Our ancestors gathered around a fire in a circle, families gather around their kitchen tables in circles, and now we are gathering in circles as communities to solve problems. The practice draws on the ancient Native American tradition of a talking piece. Peacemaking Circles are used in neighborhoods to provide support for those harmed by crime and to decide sentences for those who commit crime, in schools to create positive classroom climates and resolve behavior problems, in the workplace to deal with conflict, and in social services to develop more organic support systems for people struggling to get their lives together. A title in The Little Books of Justice and Peacebuilding Series.
About the Author
Kay Pranis is a trainer and writer on Peacemaking Circles and restorative justice. She served as the Restorative Justice Planner for the Minnesota Department of Corrections from 1994 to 2003.
Since 1998, Kay has conducted Circle trainings in a diverse range of communities—from schools to prisons to workplaces to churches, and from rural towns in Minnesota to Chicago’s South Side to Montgomery, Alabama.
She has written numerous articles on restorative justice and co-wrote Peacemaking Circles: From Crime to Community.
Kay’s intention in her work is to create spaces in which people can be in more loving connection with each other. Kay’s experience as a parent and a community activist form the foundation of her vision for peacemaking and community-building.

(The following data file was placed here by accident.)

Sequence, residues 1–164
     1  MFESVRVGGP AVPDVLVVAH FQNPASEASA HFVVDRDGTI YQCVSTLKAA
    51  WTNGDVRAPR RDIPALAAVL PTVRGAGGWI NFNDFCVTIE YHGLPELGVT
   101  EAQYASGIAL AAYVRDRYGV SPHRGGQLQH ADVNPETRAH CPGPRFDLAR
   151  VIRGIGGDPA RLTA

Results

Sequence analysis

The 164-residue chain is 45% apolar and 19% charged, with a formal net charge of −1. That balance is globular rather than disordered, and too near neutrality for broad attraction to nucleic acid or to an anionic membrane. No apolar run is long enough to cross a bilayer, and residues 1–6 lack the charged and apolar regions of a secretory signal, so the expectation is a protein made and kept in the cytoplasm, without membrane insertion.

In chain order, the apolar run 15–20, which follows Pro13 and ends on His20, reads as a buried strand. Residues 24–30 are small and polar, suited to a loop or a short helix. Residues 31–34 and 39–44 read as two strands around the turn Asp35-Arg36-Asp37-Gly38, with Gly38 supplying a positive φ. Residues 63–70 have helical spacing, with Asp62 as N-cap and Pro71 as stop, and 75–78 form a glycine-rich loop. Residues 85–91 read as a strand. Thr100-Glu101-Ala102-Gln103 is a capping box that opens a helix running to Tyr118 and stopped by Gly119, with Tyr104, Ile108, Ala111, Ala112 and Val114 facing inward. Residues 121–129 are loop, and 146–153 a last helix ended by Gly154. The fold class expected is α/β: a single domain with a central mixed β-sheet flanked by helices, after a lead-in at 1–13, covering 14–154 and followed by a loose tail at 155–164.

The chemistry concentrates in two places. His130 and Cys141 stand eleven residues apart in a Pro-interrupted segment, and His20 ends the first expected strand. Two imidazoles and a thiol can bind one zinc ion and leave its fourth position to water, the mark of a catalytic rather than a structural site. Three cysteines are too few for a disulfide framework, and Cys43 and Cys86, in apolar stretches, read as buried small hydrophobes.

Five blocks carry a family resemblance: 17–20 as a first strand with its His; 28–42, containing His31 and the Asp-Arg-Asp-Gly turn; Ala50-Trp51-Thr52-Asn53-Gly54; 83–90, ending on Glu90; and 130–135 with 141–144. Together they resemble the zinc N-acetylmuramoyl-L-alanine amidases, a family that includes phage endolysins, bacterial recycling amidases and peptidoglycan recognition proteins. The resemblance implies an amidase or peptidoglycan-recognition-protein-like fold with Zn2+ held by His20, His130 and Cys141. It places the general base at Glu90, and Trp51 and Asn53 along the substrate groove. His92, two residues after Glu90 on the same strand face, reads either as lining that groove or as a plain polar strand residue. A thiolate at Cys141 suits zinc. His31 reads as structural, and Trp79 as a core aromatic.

Table of Contents
|Old things made new||3|
|About this book||7|
|An overview of Circles||8|
|2||Circles in Practice||11|
|How does a Peacemaking Circle work?||11|
|Types of Peacemaking Circles||14|
|Applications of Peacemaking Circles||17|
|3||A Circle Story-Finding a Way to Move Forward After a Worker Strike||19|
|4||Foundations of Circles||24|
|Circle Process as practiced in faith-based communities||30|
|5||A Circle Story-Finding Understanding in the Classroom||31|
|6||Key Elements of Circles||33|
|Structural elements of circles||33|
|The importance of storytelling||39|
|Focusing on relationships||41|
|Stages of Circle Processes||44|
|7||A Circle Story-Finding Healing from a Violent Crime||47|
|8||Organizing a Talking Circle||49|
|9||A Circle Story-Finding Respect Across Generations||56|
|10||Circles in Perspective||59|
|How is a Circle different from other similar processes?||60|
|11||A Circle Story-Finding Connection Within Family||65|
|Appendix 1||The Circle Process in Schools||71|
|About the Author||76|
Most Helpful Customer Reviews
Written in a 'crib-notes' format. Essential information there with plenty to stir your imagination towards practical applications.